News From This Week’s Past: Apples, Iron and a Visit from the Governor

All items are from the Door County Library’s newspaper archives, and they appear in the same form as they were first published, including misspellings and grammatical errors.


The Expositor

September 18, 1874

Mr. Chancey Barnette has discovered a bed of Iron Ore about one and one-half miles from the village. The specimens we have seen are of a dark steel-gray color, having a highly sparkling lustre. The streak powder in the cleavage is a reddish-brown. The cleavage appears to be in sheets about one and one-fourth inch thick and very distinct. The crystals appear to be thin tabular, and the fracture shows them in a lamellar or micaceous appearance. The oar appears to be very pure and answers very well to the description of Hermatite or specular iron ore. Mr. Barnette represents the bed as being very large and probably very valuable.


Weekly Expositor Independent

September 22, 1882

Fruit. – From specimens we have seen for the past few years, we are satisfied that this peninsular is well adapted to fruit-raising, particularly apples of the hardy kind. True, the climate is not suited to the finer and delicate varieties grown in a warmer climate, yet we can boast of a substantial and prolific growth of excellent fruit – such as tickles the palate, and adds to the real comforts of life. Any fruit adapted to our Northern climate, grows well and healthy here, and in a few years, at the rate our people have been progressing in fruit culture, this will be a noted locality for fruit raising, both for quantity and quality. For a new county – heavily timbered, and mostly settled by laboring people with limited means, the multiplicity of fruit trees has been rather rapid than otherwise; but from this time one, the evidences are that a large increase of these trees will take place each year until our farms are well dotted with orchards – and fruit become so abundant there will be no necessity of shipping in apples from outside in order to supply the wants and needs of our people in this line.


The Republican

September 22, 1892


G. Spring, of Baileys Harbor, who has been conducting a general store at Baileys Harbor during the past four or five years, has been forced to the wall, having on Wednesday made an assignment of the business to T. W. McCullough, of that town.

It is stated by the assignee that the total assets will amount to $2,000, the amount of liabilities not yet being known.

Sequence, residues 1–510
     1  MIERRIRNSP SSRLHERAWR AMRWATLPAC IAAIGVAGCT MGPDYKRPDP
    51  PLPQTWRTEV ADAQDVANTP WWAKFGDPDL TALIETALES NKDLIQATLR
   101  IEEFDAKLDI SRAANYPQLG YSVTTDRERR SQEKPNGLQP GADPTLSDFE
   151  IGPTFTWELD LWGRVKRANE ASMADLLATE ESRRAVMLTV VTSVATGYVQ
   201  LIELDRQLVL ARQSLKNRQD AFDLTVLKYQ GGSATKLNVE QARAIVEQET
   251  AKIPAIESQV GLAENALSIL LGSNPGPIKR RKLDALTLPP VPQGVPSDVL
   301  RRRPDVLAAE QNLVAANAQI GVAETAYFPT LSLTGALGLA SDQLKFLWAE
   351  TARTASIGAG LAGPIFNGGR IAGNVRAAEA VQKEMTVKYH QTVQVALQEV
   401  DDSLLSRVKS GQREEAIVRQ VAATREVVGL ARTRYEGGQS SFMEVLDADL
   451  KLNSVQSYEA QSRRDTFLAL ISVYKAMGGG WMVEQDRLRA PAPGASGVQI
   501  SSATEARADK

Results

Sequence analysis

Mr. Spring is an old and well-known resident of this county, and his many friends will be sorry to hear of his failure in business. It is hoped that the embarrassment will be only temporary.


Door County Democrat

September 22, 1906

The Door county jail building committee have advertised for plans and specifications for a new county jail and jailer’s residence to take the place of the present county jail. It was the original intention of the county board to rebuild the old county jail, but the cost proved to be so great, that it has practically been decided to erect a new jail.


Door County News

September 19, 1918


Perfect Egg Co. Of This City Begin Operations

The first eggs to be preserved in this state under the new Colytic method took place in this city Wednesday afternoon at the plant of the Perfect Egg Co.

When the new processing machine is worked to its full capacity it will turn out 18,500 eggs an hour.

The Colytic is a scientific method of prifying and preserving eggs against deterioration under any and all conditions. After an egg has passed thru the process used it can be shipped to any point in the world under the present method of transportation without loss or shrinkage.

There really is no preservative used in the operation and the method is more an invention of the manner in which to kill the bacteria that causes the egg to spoil. This complies with all the government pure food regulations and has been endorsed by agricultural schools, the government and many large and influential consumers of eggs.

The local plant is the first and only one of its kind in the state of Wisconsin, although there are five others under way at the present time.


Door County News

September 17, 1925


Cow Dies After Being Rescued From Excavation In Which She Had Remained 14 Days

JACKSONPORT – Living for 14 days in an abandoned well into which she fell, a cow, owned by William Kroogman, died on a truck that was transporting her home after she was rescued Tuesday.

Two weeks ago Kroogman’s herd of cows came home with one head less. A search was started, but the lost animal could not be located. Tuesday Charles Nieman, carpenter, was walking toward an abandoned mill near the village to get some old lumber. Passing an abandoned well near the old mill he heard a loud breathing. Thinking that it was a large snake he armed himself with a large club ad advanced for combat. He discovered the cow and called for help.

Neighbors and villagers hoisted the animal out of the well, still alive. She was loaded on a truck, and was hurried toward the Kroogman farm. Death came on the way home.


Door County News

September 18, 1936

LaFollette Speaks Here Next Thursday

Governor Phillip F. LaFollette is scheduled to make a political address in Sturgeon Bay next Thursday evening, Sept. 24. Chas. Augustine, chairman of the Progressive committee, stated that provided the weather is favorable the address will be made at Martin park, but if inclement weather prevails the high school auditorium will be used.

Mr. LaFollette is expected to arrive in Sturgeon Bay several hours in advance of the hour for making his address, and committeemen from the various precincts of the county are urged to attend a conference prior to the general meeting.

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